Cyberbullying: Comparing Bullying Laws in Minnesota and New Jersey

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Cyberbullying has become a new and growing problem within today’s society (Hanel, Trolley 33). On May 9th, 2007, the Minnesota State Legislature first amended the original bullying law from 2005 in attempt to strengthening it (Minnesota State Legislature, “Approved 2005”, “Amended 2007”). As stated on a report by the United States Department of Education, Minnesota has one of the weakest bullying laws in the nation (United States Department of Education, “Analysis”). Bully Police graded Minnesota’s law as a C-, the lowest grade of all bullying laws currently regulated in the U.S. (Weber, “MPR News Investigation”; Bully Police, “Minnesota 2007”).
Minnesota’s bullying law simply requires K-12 schools (elementary, middle, and high schools)
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Traditional bullying can happen face-to-face (Hinduja, Patchin, “Traditional and Nontraditional” 730). Physical bullying includes behavior such as hitting, punching, slapping, kicking, and pushing others. Psychological bullying includes verbal name-calling, teasing, swearing, insulting, embarrassing others, and such (Kowalski, Limber, Agatson 18; Shariff, “Cyber-Bullying” 11). This type of bullying can be easier to detect when teachers and other school officials can hear, see, and recognize those involved in the incident. Most of the time this is done on school grounds (Hinduja, Patchin, “Bullying” 121).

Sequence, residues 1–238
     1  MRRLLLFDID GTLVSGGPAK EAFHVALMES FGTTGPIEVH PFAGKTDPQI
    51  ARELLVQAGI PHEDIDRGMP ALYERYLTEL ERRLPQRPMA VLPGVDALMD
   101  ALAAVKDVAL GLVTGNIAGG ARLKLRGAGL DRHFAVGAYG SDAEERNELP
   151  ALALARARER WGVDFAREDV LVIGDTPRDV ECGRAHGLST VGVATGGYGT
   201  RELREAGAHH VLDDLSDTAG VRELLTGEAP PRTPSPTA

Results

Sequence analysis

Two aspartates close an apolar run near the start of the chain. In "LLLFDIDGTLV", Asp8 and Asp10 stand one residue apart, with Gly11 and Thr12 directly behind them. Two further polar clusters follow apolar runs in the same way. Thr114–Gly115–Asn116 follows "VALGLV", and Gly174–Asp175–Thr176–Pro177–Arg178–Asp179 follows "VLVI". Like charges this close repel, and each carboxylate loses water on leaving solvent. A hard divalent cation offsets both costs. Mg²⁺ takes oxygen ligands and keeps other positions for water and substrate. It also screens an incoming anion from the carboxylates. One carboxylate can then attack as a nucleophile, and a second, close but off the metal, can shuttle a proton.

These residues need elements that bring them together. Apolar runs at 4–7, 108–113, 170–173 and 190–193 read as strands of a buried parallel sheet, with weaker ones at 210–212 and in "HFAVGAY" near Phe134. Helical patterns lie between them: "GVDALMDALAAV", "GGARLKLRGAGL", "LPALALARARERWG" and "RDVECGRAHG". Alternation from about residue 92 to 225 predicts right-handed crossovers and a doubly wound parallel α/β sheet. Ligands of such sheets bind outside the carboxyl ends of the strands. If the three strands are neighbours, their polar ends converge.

Cyberbullying is when psychological harm is done through the use of electronics such as computers, cell phones, e-mail, social networking, and instant messaging (Clancy 579-582; Hanel, Trolley 33). However, in addition to the verbal behaviors, cyberbullying can happen when someone posts pictures or videos without the consent of the other person, creates hate websites of the victim, makes web pages posing as the victim, and such (Hinduja, Patchin, “Traditional and Nontraditional” 728; Willard 1). Cyberbullying is done two ways: direct and indirect. Direct cyberbullying is when such material is sent directly from the bully to the victim. Indirect cyberbullying is when the bullying is done through another person, another person’s screen name or cell phone, anonymously, or by hacking

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